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Finding the rightmost set bit in a number is a common problem in computer science and is used in many applications, from competitive programming to lowlevel programming and data compression. In this article, we will explore various techniques to find the rightmost set bit in a number, including bitwise operations and mathematical approaches.
Table of Contents
 Ì¥What is a Set bit
 Understanding bit wise AND (&)
 Methods
3.1 Using right shift (>>)
3.2 Using left shift (<<)
3.3 Using 2's complement  Applications
4.1 To check Parity of a number
4.2 To check if a number is a power of 2.
4.3 Toggling the rightmost setbit
1)What is a Set Bit?
In computer science, a bit is the smallest unit of data that can be stored or manipulated by a computer. A bit can have two values, 0 or 1, and is often used to represent the on/off state of a particular feature or flag. A "set bit" is a bit that is set to 1, meaning that it is "on" or "active."
2) Bitwise AND
The bitwise AND operator is a binary operator that performs the AND operation on each pair of bits in two binary numbers. If both bits are 1, the result is 1. Otherwise, the result is 0.
Methods
Now that we have a basic understanding of what a setbit is and how bitwise AND works, now let us see how to use them to get the rightmost set bit of a number. In this article we'll learn different techniques to find the rightmost setbit of 20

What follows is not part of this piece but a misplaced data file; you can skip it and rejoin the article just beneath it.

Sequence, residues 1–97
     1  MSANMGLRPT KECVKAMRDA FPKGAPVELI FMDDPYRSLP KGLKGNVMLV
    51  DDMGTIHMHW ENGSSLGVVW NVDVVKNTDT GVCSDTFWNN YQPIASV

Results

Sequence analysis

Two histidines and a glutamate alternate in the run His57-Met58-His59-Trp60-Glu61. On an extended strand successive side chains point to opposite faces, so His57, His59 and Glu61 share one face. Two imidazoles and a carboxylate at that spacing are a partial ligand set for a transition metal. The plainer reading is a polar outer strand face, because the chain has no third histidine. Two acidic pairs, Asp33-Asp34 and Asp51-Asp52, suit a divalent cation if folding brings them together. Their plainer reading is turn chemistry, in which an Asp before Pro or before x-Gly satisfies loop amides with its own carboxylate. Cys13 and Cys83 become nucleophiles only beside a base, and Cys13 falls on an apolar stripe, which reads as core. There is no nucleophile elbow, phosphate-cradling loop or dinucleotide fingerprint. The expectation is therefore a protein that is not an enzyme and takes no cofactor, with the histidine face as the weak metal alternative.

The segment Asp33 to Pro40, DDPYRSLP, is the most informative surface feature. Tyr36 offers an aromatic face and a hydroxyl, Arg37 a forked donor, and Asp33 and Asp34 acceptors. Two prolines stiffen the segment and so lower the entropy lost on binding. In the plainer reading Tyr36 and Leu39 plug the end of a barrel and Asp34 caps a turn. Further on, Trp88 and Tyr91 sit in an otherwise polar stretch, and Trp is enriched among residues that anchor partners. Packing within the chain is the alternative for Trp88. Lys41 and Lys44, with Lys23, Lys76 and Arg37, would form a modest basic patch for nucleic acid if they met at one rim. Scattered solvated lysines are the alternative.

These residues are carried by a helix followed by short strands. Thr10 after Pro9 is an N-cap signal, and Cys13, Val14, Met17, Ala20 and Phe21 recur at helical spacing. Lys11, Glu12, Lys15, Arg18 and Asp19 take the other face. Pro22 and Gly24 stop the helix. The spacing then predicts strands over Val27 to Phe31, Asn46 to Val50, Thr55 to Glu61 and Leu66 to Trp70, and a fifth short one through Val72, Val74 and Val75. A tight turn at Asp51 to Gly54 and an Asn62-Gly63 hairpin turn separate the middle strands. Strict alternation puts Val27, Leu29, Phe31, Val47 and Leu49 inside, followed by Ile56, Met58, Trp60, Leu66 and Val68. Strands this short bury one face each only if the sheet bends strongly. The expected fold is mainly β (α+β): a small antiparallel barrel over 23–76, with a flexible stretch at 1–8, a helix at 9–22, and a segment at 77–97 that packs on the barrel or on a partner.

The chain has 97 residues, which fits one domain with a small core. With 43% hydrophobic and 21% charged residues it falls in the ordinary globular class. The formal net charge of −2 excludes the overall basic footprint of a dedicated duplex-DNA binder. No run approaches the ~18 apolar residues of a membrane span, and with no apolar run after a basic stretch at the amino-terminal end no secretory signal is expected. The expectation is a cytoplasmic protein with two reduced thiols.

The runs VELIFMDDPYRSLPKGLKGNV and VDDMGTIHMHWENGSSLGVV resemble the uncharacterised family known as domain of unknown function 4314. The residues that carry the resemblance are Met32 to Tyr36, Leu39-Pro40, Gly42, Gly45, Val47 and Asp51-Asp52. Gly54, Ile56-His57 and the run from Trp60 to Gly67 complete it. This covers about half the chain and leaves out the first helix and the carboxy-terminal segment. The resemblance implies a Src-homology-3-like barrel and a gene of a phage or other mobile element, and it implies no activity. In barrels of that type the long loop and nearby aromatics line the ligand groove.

Input : n = 20
Output: The position of rightmost setbit = 3
As binary representation of 20 is 10100, the first setbit (1) is in the third place from the right.
1.Using right shift (>>)
The right shift is the similar to the divide by two operators. The right shift takes two operands, the first operand is the number to be shifted, and the second operand is the number of positions to shift the bits. So we keep shifting the bits to the right until (and also increase the value of cnt, which maintains the position of the first set bit) we get the first setbit.
We use a helper funciton isSet, the funciton takes two argumets the number to be tested and the position of the bit that is being tested.The &1 is used to extract the right most bit, if it's 1 the it returns true.
Time Complexity is O(logn), as we are traversing through all bits of N, and at most there are logn bits.
Code
#include <iostream>
using namespace std;
bool isSet(int n, int pos){
return (n>>pos)&1;
}
int main(){
int n = 20; //10100
if(n == 0){
cout<<"There is no set bit in n";
return 0;
}
int cnt = 1;
for(int i=0; i<8; ++i){
if(isSet(n,i)){
break;
}
else{
cnt += 1;
}
}
cout<<"The position of rightmost (first) set bit = "<<cnt;
}
Output
The position of rightmost set bit = 3
Explanation:
We'll start checking for setbit from the righmost position
Binary repersentation of 20 is 0010100
pos 1 has bit 0
pos 2 has bit 0
pos 3 has bit 1
The position of rightmost (first) set bit = 3
2)Using left shift (<<)
First val is initialized to 1, the we keep shifting the binary representaiton of val one bit to the left at each iteratoin and increment cnt by 1 until the bitwise AND operation between val and n results in a nonzero value,i.e., the rightmost bit of n is set.
The Time complexity is O(logn), because the while loop iterates at most logn times, as the val is shifted one bit to the left at each iteration, and the maximum value of val is n.
Code
#include <bits/stdc++.h>
using namespace std;
int main(){
int n = 20; //10100
if(n == 0){
cout<<"There is not setbit in n";
return 0;
}
int val = 1;
int cnt = 1;
while((val & n) == 0){
val = val << 1;
cnt += 1;
}
cout<<"The position of rightmost set bit = "<<cnt;
}
Output
The position of rightmost set bit = 3
Explanation:
Now, in the loop the val keeps shifting the rightmost setbit to the left by 1 pos until it meets the first setbit in n.